Sunday, September 06, 2009

Gobble, Gobble

Like most turkeys, the new Democratic-Rell budget will be gobbling a lot of money. But not to worry, said Senate Majority Leader Martin Looney, from the Democratic Republic of New Haven, the new “millionaire’s tax” has become “the centerpiece of Democratic tax policy for this whole decade.”

The state’s precarious budget is put together with revenue engines that melt like popsicles after a few years, after which the vanishing one-time revenues will bring us all back to square one: The present Democratic-Rell budget borrows $1.3 billion, drains the rainy day fund of $1.5 billion, and looks forward nervously to the receipt of $1.5 billion in narrowly targeted federal stimulus money – no way to run a $17 billion dollar a year business. And, oh yes, the state is looking square in the eye of a $9 billion future deficit.

Happy days are here again.

Just as on the style runway red is sometimes the new black, Loony’s new progressive income tax is the new income tax; and all of us know what happened with the old income tax.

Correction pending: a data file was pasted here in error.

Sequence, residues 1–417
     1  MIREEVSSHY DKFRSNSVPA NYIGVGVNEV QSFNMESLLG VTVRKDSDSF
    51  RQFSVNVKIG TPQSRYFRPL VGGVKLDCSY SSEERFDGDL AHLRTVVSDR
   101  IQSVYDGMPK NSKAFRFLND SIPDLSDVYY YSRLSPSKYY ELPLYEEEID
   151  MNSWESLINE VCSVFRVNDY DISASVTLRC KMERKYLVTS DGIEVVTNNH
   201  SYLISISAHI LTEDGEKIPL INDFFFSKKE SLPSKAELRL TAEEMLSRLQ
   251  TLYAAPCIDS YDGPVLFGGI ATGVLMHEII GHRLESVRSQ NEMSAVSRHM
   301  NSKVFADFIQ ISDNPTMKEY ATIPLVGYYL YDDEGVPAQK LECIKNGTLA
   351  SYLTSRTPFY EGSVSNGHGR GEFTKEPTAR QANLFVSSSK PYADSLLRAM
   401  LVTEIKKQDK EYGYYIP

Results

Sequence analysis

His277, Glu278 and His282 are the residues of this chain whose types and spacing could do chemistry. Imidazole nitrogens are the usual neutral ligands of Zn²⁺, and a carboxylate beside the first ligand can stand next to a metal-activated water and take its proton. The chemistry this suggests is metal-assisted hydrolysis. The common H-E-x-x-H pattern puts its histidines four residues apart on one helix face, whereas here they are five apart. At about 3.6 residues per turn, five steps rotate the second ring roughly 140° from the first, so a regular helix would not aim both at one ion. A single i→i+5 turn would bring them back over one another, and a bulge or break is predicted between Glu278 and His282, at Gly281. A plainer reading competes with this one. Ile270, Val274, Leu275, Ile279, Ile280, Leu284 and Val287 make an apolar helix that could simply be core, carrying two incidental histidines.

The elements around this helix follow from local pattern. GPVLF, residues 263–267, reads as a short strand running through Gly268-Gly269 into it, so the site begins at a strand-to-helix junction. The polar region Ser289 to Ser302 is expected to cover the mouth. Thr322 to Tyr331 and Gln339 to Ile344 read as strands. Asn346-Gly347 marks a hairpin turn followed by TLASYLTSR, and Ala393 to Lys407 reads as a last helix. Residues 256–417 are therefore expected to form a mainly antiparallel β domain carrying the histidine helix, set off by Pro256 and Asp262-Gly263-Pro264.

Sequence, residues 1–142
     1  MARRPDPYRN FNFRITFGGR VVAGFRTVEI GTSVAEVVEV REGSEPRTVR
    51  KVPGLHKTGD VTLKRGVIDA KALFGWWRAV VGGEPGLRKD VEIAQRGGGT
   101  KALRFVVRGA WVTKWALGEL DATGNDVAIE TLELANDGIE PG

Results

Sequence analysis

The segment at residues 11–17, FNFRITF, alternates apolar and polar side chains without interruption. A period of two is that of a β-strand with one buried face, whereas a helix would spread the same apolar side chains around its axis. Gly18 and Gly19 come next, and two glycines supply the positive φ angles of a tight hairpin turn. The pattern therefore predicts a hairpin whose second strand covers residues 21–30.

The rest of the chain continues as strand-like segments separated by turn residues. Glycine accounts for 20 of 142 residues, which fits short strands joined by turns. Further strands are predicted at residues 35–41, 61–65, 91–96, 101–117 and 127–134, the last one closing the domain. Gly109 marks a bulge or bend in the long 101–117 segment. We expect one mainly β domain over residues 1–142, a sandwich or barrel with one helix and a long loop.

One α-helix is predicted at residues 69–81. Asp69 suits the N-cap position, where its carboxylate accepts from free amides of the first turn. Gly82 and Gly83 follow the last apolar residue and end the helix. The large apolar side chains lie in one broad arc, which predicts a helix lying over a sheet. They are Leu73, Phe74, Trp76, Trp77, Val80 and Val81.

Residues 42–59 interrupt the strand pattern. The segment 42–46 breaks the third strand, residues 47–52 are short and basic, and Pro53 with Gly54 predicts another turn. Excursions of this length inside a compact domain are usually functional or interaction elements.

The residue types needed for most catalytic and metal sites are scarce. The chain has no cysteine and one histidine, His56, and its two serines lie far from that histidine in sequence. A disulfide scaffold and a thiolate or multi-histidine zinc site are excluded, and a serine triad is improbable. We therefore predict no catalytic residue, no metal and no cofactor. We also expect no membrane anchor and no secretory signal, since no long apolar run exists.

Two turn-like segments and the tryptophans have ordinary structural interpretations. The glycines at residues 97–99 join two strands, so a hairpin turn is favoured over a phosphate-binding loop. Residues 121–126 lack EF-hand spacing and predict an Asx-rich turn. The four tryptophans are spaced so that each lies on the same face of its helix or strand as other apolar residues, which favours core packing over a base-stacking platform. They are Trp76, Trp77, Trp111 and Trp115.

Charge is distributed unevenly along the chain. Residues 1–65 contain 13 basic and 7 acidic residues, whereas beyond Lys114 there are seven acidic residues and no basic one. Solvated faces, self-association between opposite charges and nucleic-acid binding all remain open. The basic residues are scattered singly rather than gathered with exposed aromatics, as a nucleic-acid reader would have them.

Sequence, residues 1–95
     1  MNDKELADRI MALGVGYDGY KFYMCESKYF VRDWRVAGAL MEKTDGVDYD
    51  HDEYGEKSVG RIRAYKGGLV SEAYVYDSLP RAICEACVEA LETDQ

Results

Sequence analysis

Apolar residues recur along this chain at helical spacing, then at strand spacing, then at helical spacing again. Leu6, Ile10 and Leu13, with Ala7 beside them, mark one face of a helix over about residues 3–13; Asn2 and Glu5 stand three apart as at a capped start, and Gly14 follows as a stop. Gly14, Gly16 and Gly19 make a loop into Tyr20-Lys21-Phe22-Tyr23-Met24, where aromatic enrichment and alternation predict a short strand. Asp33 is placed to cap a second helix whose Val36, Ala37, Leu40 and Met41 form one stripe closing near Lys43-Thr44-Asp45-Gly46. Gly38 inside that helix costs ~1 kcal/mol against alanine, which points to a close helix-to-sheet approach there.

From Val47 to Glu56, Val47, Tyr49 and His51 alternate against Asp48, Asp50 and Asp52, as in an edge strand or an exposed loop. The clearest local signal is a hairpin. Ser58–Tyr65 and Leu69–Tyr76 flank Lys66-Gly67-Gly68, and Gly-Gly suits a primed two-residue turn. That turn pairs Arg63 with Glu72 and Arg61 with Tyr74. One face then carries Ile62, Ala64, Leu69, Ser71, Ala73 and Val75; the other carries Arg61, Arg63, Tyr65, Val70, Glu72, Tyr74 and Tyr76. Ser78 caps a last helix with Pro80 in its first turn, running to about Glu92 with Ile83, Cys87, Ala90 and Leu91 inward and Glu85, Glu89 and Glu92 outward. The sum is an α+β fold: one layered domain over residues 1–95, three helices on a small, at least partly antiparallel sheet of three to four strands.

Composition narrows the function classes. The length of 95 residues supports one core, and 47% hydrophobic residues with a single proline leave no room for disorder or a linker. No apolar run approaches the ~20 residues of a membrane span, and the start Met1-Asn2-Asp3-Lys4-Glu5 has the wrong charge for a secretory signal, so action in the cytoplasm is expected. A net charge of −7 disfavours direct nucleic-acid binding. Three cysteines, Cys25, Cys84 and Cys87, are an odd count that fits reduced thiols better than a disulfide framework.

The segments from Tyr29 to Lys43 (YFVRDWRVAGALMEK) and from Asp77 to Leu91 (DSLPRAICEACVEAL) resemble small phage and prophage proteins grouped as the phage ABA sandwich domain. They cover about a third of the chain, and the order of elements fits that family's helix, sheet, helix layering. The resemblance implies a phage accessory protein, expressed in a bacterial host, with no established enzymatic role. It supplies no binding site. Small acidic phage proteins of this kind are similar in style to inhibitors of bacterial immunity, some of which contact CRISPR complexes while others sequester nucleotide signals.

Following passage of the Lowell P. Weicker Jr. Income Tax, the state realized a number of successive surpluses, which might have signaled to a less looney legislature that the tax had been pegged too high. But the good turkeys gobbled it all up.

And as a direct result of all this gobbling, here we are: another day older and deeper in debt.

But no wiser.

The difference between Democrats and some more conservative Republicans on budget issues is not an ideological difference: It is a difference in competing realities, as may be seen by Republican leader John McKinney’s assessment of the Democratic-Rell budget: “I don't think we have to wait two years. In three to six months, we will be back. Two years from now, we will have a deficit of $2.5 billion to $4.5 billion in 2012 alone. If you don't have the rainy-day fund and stimulus, you've taken away the two largest chunks of dollars to solve this budget crisis.”

On the one hand, looniness; on the other, a cold rational assessment of the future.
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